A decade of Western support to make Central Asia’s frontiers more secure and open for trade has achieved little because of widespread corruption and a lack of political will, a new report says. Instead, the aid seems to have whet local regimes’ appetites for handouts, as they try to leverage their proximity to Afghanistan.
The aid projects are run by a variety of donors whose ability to coordinate is a success story, according to the report, titled “Central Asia’s Border Woes and the Impact of International Assistance.” It was published June 6 by the Open Society Foundations. [Editor's note: EurasiaNet.org under OSF’s auspices.]
The report details how the Organization for Security and Cooperation in Europe, United Nations, European Union and United States have collaborated to train thousands of border guards, build barracks and bridges at remote border crossings, and set up state-of-the-art equipment to help keep drugs and extremists out of the region. All this was intended to facilitate trade. But the report also shows how border crossings are plagued by constant petty corruption and donor-funded facilities have fallen into disrepair as recipients fail to take care of them. Entry points that have gotten aid “can often be difficult to distinguish […] from those that have not” in terms of the quality of their operations, says the report. Another disheartening but predictable phenomenon has been Central Asian states’ emphasis on national interests over regional cooperation -- for example, Uzbekistan’s persistence in strangling cross-border trade with neighboring Tajikistan, partly due to the two countries’ rivalry over water resources.
“Central Asian governments are adroit at absorbing aid without putting it to the use donors intended,” says the report. In Kyrgyzstan and Tajikistan, for instance, sophisticated, “multi-million dollar truck x-rays and radiation detectors [to interdict smuggling of nuclear materials] given to border authorities languish unused.”
“Ultimately, the Central Asian republics got quite a windfall with border assistance,” author George Gavrilis told EurasiaNet.org. “They got refurbished border crossings, high-tech equipment, brick and mortar training academies, remote outposts, training. But it remains unclear how all this aid has improved the functioning of borders across the region.”
At the same time, Gavrilis praised donors’ ability to construct border posts in difficult, remote regions, “even if the states have not done their fair share to maintain the facilities.”
The report covers all five Central Asian republics, but clearly Tajikistan – with its long, porous Afghan border and thriving drug trade – is the West’s biggest concern in the region. Tajik officials have “little incentive to police their borders” due to the lucrative transit of Afghan opiates across the country – a business “valued at $2 billion per year.” This trade “monetizes the Tajik economy and rivals the economic impact of other sectors and industries,” while “giving both central and provincial officials access to revenue,” says the report. “The Tajik border services are a crucial part of the equation and are, as a number of international and Tajik officials and experts maintain, part of the conduit that allows drugs access and protected passage into Tajik territory.”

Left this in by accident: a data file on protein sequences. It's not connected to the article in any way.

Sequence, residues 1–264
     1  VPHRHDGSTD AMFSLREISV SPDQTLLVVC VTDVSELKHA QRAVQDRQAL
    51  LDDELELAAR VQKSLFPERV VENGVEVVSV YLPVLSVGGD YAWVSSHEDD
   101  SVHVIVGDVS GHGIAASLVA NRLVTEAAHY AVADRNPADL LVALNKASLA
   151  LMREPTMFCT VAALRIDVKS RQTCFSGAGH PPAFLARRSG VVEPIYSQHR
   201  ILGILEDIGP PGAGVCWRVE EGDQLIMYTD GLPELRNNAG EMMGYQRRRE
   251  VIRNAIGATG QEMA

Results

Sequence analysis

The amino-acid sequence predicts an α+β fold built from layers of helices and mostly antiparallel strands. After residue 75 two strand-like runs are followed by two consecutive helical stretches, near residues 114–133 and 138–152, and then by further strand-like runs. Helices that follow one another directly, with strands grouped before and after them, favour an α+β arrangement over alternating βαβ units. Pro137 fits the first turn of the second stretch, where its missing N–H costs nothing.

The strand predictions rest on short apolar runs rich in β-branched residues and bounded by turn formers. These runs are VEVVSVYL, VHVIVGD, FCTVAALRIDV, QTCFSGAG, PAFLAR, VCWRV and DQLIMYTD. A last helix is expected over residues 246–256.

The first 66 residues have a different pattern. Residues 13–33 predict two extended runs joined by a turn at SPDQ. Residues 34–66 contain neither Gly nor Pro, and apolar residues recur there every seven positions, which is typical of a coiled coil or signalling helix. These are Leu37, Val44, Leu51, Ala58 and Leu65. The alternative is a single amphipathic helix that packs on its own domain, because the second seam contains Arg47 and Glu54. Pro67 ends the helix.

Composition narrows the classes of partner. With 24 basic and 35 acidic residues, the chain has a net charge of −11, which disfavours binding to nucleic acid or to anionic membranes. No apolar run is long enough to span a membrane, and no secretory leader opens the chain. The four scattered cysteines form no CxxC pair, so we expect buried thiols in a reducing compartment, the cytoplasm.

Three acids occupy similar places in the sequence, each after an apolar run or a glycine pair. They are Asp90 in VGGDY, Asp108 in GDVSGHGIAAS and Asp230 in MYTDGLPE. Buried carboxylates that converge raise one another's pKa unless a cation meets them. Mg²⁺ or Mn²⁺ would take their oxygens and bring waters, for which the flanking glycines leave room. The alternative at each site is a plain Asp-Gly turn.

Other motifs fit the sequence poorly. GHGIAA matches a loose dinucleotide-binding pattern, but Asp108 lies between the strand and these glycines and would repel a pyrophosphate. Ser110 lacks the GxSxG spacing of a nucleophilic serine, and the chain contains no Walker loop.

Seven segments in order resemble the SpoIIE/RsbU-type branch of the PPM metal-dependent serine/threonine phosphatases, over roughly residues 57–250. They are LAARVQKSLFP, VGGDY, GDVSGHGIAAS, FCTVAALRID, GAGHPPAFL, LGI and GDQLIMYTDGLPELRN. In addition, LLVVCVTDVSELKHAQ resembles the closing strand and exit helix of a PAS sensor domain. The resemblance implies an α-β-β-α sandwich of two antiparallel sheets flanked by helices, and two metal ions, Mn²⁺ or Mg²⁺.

Another key factor in the Central Asian border dynamic has been the conflict in Afghanistan. The region’s former Soviet republics have been key strategic partners in the US-led military effort, providing transit and other cooperation. These regimes “see their proximity to Afghanistan as a windfall, an opportunity to reap further benefits and aid from international donors without meeting aid conditions,” says the report. They justify this by exaggerating the threat emanating from Afghanistan: “While the rhetoric of Taliban-driven extremism infecting Central Asia has been plentiful, the threat of spillover remains remote.”
Uzbekistan – “the region’s most aggressive border policeman” – has shown no interest in facilitating border trade and routinely breaks related promises. But as long as the country remains crucial to the Northern Distribution Network, NATO’s vital Eurasian transport route to and from Afghanistan, the United States and European Union are unlikely to exert significant pressure on Tashkent to reform. Uzbekistan and neighboring Turkmenistan have been so intransigent, in fact, that the report recommends assistance to the two be stopped: “Their participation is an act of window-dressing intended to show that they are cooperative and multilateral. In reality, they have no intention of moving away from their closed-borders policies.”
The upcoming withdrawal from Afghanistan will pose new dangers: “It is in this transition where we run a huge risk—that international and Western aid will transfer even more security-sector aid to Central Asia, increase the leverage of the authoritarian regimes there, and in the process have little to show for it,” said Gavrilis, who is the director of the Hollings Center for International Dialogue.
In a worst-case scenario, Gavrilis sees not a problem of “cross-border extremism but rather of closed borders”: “Uzbekistan and Turkmenistan will continue to have closed-borders policies and strangle trade in the region while other states, like Kazakhstan, follow suit,” he said.
“The best-case scenario is that border management in Central Asia will become a bit more systematic and predictable. Civilians and entrepreneurs will still have to pay bribes and deal with unpredictable regulations in crossing a border, but the bribe will be less onerous and the closures less frequent,” Gavrilis said. “The bar is low.”